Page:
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Europe is less than half the size of the United States, yet it contains a dizzying array of climates and cultures, from sunny Greece to the misty North Sea, and from Spain’s whitewashed villages to...
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On the northeast coast of Spain, overlooking the Mediterranean, Barcelona is a vibrant port city, packed with centuries of iconic art and architecture—Gaudí and Picasso both called it home—and lined with sunny white-sand beaches. Explore the Catalan capital's tourist attractions and historic neighborhoods, Modernisme and world-renowned art museums, galleries and local crafts shops—some of which are centuries old and stock traditional Catalan wares. After you see the sights, there are lively tapas bars around every corner where you can stop for a drink, a café amb llet (Catalan for espresso with steamed milk) or a snack, no matter the hour.
St. Petersburg, Russia
St. Petersburg, Russia, emerged from the vision of one man, Czar Peter the Great, at the beginning of the 18th century and was the country’s capital until the Russian Revolution. Pushkin called it Russia's "window to Europe," and like Venice and Amsterdam, the city was built on a network of canals. Among the city's notable sites, the Hermitage is its most famous. One of the world’s greatest art museums, its collection includes some three million objects. Performing arts, too, abound: Many of Russia’s greatest ballets, plays and operas premiered at the Mariinsky Theatre. Nearby, the summer residences of the czars are dazzling gilded Baroque palaces.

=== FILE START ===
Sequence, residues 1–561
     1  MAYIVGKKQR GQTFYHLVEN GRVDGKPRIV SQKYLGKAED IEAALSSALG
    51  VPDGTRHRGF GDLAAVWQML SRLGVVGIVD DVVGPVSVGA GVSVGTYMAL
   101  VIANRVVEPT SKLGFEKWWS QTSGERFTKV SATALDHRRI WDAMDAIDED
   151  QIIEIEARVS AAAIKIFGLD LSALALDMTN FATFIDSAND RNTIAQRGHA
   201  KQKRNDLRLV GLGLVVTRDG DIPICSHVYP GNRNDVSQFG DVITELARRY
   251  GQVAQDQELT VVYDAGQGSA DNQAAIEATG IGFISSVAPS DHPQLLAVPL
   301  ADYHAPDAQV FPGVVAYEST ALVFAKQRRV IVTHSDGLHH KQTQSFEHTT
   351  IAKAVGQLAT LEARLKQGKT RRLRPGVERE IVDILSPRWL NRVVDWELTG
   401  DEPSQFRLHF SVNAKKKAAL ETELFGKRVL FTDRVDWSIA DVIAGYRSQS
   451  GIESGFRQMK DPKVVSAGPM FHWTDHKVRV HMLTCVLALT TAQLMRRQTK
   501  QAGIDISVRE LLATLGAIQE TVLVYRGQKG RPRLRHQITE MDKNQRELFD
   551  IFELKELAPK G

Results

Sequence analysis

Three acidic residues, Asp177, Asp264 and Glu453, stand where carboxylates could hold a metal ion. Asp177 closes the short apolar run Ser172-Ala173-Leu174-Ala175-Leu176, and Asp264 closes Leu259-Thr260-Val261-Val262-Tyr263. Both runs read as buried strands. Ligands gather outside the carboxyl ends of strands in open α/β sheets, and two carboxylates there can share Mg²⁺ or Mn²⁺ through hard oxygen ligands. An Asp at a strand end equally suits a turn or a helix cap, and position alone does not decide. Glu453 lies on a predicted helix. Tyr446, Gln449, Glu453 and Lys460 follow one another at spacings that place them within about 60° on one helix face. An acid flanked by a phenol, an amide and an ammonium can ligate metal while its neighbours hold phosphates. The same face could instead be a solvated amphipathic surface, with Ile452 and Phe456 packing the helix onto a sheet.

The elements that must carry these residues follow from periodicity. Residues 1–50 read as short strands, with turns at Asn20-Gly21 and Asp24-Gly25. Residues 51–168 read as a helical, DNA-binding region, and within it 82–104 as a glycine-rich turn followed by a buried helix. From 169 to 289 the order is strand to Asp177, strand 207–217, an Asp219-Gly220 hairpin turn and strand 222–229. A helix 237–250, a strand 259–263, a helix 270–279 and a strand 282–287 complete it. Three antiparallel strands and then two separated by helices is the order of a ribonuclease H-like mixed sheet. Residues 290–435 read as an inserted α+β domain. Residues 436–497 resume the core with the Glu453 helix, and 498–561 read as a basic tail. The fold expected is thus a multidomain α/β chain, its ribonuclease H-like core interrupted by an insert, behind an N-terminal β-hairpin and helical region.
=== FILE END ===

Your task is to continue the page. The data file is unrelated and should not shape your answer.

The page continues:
Civitavecchia (Rome), Italy
Rome is both a modern bustling city and an ancient open-air museum. You can walk in the footsteps of emperors, have coffee in Renaissance piazzas and see contemporary art all in one afternoon. Your sightseeing time in Rome begins at the nearby port of Civitavecchia, a seaside town with roots that stretch back to the Etruscan era. Once in the Eternal City you can fill your day with museums, churches, archaeological sites, traditional trattorias, artisan shops and, of course, gelato. The Colosseum and the Vatican Museums are Rome's superstar attractions, but there are plenty of quieter gems to explore.